Friday, May 16, 2014

A Brief Interview with...Anna Cohen

Once a week I post interviews with interesting people about their insights on their experience of working in the Knitting industry.  I’ve noticed that every one of these individuals makes their living in a slightly different manner bringing their own unique presence to the Knitting world.
You can find Anna here and here on Ravelry. 

Anna is a mainstream fashion designer who has worked in Italy and the United States for major fashion houses as well as developing and launching a line of sustainable women's apparel. She is a graduate of FIT in New York and Polimoda in Italy. Anna's designs have been featured in Vogue, Elle France, Nylon, WWD and the New York Times. Since 2008, Anna has been working with the historic Imperial Stock Ranch, helping to develop woolen yarns and fabrics, to create the in house Imperial Knits Collection of hand knit patterns and to build a line of women's apparel featuring woolens that were developed on the ranch. This line, the Imperial Collection by Anna Cohen, will launch in Fall 2014.

Where do you find inspiration?

Do you look at other designers' work or are you afraid that you will be influenced by their designs?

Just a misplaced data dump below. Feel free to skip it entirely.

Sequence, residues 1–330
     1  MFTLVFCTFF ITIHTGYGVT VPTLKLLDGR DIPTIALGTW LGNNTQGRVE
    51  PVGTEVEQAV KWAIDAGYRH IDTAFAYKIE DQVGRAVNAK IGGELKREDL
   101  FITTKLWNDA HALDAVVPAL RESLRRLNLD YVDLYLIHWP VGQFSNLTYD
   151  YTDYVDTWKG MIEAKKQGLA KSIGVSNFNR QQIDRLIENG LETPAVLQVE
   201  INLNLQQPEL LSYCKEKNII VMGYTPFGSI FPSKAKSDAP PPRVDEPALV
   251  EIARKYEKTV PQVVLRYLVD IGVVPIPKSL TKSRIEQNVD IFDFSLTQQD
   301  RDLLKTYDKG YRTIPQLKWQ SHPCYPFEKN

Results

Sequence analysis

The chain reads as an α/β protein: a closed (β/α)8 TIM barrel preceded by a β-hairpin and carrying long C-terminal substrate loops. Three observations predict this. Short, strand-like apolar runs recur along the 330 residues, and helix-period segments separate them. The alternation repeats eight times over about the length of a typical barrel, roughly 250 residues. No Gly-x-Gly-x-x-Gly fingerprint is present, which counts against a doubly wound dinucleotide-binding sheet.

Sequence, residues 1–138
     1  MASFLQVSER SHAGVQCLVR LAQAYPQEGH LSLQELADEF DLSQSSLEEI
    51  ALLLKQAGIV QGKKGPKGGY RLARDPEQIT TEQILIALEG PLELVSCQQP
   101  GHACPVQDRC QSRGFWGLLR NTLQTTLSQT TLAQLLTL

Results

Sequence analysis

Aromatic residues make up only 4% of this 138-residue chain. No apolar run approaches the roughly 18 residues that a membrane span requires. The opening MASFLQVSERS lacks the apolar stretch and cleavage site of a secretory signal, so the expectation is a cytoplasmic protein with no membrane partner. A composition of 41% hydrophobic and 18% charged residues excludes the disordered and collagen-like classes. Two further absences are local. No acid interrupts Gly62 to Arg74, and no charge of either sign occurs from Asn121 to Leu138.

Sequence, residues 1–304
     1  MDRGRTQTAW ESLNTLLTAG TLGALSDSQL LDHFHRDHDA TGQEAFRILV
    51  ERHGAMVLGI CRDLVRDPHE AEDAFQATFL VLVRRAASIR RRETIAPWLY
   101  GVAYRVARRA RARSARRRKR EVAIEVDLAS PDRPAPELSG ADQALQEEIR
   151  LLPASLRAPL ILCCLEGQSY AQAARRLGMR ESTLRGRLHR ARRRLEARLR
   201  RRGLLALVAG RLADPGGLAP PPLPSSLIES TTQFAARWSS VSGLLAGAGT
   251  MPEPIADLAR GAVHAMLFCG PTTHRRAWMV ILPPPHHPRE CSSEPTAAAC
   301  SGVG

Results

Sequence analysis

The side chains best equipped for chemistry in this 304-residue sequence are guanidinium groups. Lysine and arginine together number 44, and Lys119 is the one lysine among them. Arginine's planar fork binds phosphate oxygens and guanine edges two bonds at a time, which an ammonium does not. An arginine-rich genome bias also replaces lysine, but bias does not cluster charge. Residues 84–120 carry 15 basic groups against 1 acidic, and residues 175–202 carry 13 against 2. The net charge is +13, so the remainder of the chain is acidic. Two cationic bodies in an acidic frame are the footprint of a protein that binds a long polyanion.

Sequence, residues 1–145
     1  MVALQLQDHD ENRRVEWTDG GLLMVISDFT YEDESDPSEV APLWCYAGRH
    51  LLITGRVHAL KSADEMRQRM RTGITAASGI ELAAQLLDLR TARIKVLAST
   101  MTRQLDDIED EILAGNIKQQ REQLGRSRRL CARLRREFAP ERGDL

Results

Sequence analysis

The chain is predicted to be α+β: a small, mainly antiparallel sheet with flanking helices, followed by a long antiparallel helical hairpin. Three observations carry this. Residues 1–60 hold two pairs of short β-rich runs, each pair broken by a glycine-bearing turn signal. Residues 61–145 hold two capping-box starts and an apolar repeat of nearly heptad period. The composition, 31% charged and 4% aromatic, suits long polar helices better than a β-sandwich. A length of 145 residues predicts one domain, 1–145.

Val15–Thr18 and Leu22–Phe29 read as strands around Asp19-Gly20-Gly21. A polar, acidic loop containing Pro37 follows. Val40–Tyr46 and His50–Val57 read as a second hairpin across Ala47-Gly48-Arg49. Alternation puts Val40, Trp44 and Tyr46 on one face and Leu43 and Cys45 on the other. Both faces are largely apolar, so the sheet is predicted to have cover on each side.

I didn’t want to look at other designer’s work before I got an education in design. I then learned that looking at other’s work is a very critical part of the process. Artists of many kinds learn from the masters, try to copy them in order to learn the craft. Once  they are able to do this, they then have the skills and vision to be able to create their own style. 

How many sample/test knitters do you have working for you or do you do it all yourself?
Because I am a fashion designer with a specialty in knitwear (apparel production knitwear) and barely hand knit, I work with a technical interpreter to write the patterns and then we have various different test knitters test the samples. We work with between 1 and 4 test knitters in a season.

How long did it take for you to be able to support yourself?

What advice would you give someone who wants to pursue a career in knitting?
Follow your heart and your mind. Shifting your relationship with a hobby into a means of income is an important consideration. If you are not business minded in one form or another, it is likely best to keep your hobby a hobby. If you are driven and inspired and have great ideas for how to build the business, and you can ask yourself if you would be motivated to do it if it weren’t about knitting, then I say go for it. The fire in you needs to be balanced between the business aspect and the creative, otherwise I suggest not to taint your creative outlet with a costly and in many cases difficult journey.

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